LSU’s Kim Mulkey Threatens Legal Action Against The Washington Post Over Alleged Hit Piece

LSU’s Kim Mulkey Threatens Legal Action Against The Washington Post Over Alleged Hit Piece


LSU’s Kim Mulkey – LSU women’s basketball coach Kim Mulkey has made headlines by threatening legal action against The Washington Post. Mulkey claims that the newspaper has been pursuing a “hit piece” about her for the past two years, orchestrated by reporter Kent Babb. The situation escalated recently when Mulkey received a barrage of questions from Babb just days before LSU’s participation in the women’s NCAA tournament.


Mulkey has accused Babb of setting an unrealistic deadline for responses, alleging that it was a deliberate attempt to prevent her from commenting on the matter and to distract the team ahead of the tournament. Despite the pressure, Mulkey remains resolute, stating, “It ain’t going to work, buddy.”


Kent Babb, an award-winning reporter for The Washington Post, has declined to comment on the ongoing situation. However, he has confirmed that he is working on a profile of Mulkey. Babb’s investigative prowess and journalistic background underscore the potential significance of the forthcoming article.

The tension between Mulkey and Babb dates back two years when Mulkey refused to be interviewed by him, citing dissatisfaction with a previous article he wrote about former Notre Dame football coach Brian Kelly. Mulkey’s decision to take legal action against The Washington Post reflects her determination to defend her reputation and that of LSU and her players.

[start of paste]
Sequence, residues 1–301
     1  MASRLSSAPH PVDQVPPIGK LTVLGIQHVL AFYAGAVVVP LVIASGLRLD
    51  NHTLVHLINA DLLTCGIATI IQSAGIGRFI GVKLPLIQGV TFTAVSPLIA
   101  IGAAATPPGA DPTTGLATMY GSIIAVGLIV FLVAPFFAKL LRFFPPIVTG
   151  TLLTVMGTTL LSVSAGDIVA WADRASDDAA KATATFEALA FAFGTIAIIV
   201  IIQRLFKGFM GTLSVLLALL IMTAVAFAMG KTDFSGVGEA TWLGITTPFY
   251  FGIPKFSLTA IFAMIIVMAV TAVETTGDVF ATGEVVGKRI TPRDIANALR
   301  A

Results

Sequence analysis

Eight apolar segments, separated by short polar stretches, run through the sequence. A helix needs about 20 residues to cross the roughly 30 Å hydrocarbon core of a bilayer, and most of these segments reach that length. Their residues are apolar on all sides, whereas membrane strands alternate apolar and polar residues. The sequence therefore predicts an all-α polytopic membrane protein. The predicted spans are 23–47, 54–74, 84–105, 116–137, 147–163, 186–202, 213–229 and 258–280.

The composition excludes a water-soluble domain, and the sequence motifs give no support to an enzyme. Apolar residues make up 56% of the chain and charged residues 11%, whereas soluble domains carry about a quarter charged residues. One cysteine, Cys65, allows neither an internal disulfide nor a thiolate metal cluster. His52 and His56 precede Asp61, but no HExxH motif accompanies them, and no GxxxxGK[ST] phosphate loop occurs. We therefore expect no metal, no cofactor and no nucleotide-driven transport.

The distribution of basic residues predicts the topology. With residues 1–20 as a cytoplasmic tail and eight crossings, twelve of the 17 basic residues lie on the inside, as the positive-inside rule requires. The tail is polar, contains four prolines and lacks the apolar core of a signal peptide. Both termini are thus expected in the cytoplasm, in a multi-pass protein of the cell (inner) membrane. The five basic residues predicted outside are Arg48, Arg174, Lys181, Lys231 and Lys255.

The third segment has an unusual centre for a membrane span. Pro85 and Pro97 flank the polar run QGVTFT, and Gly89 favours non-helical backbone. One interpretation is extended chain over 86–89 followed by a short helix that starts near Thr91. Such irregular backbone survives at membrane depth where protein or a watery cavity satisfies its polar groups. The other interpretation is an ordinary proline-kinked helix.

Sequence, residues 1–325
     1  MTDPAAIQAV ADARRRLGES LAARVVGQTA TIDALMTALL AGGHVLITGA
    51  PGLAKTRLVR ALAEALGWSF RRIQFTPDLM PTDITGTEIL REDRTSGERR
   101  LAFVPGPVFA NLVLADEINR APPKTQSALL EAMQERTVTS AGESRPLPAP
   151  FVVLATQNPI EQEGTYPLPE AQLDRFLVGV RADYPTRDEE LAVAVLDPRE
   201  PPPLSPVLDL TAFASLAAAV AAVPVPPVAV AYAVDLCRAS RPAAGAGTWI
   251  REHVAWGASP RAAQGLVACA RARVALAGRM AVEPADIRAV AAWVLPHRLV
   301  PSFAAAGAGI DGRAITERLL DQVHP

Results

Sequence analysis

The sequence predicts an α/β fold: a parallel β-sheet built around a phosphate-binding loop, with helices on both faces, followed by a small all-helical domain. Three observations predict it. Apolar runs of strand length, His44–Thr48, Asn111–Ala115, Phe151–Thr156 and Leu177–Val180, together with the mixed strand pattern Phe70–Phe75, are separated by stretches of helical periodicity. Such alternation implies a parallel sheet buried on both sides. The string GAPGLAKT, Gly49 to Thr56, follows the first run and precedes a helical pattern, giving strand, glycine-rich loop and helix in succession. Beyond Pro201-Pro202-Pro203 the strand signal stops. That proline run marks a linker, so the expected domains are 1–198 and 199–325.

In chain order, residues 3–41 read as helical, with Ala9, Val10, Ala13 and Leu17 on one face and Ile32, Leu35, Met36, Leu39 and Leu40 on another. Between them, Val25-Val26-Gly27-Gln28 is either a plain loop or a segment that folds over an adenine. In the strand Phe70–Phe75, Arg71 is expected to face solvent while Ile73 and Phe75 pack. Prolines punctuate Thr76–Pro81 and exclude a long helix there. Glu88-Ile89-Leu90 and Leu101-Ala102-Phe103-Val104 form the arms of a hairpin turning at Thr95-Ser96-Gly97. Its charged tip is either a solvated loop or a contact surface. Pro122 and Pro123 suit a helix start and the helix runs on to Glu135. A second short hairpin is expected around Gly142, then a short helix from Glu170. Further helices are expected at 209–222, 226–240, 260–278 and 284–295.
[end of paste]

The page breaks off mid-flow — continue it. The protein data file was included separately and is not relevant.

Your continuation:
Moreover, Mulkey alleges that Babb attempted to deceive her former assistant coaches into speaking with him under false pretenses, further complicating the situation. She also claims that former players have been approached by the Post, offering anonymity in exchange for negative comments about Mulkey.

As Mulkey prepares to take on The Washington Post, she asserts her readiness to hold journalists accountable for their actions. With a formidable legal team behind her, Mulkey is adamant about protecting herself, her team, and LSU from what she perceives as a potential smear campaign.

The brewing conflict between Mulkey and The Washington Post underscores the complexities of journalism ethics, freedom of the press, and the responsibility of reporters to uphold professional standards. As the situation unfolds, it raises questions about the intersection of media scrutiny and personal integrity in the realm of collegiate athletics.

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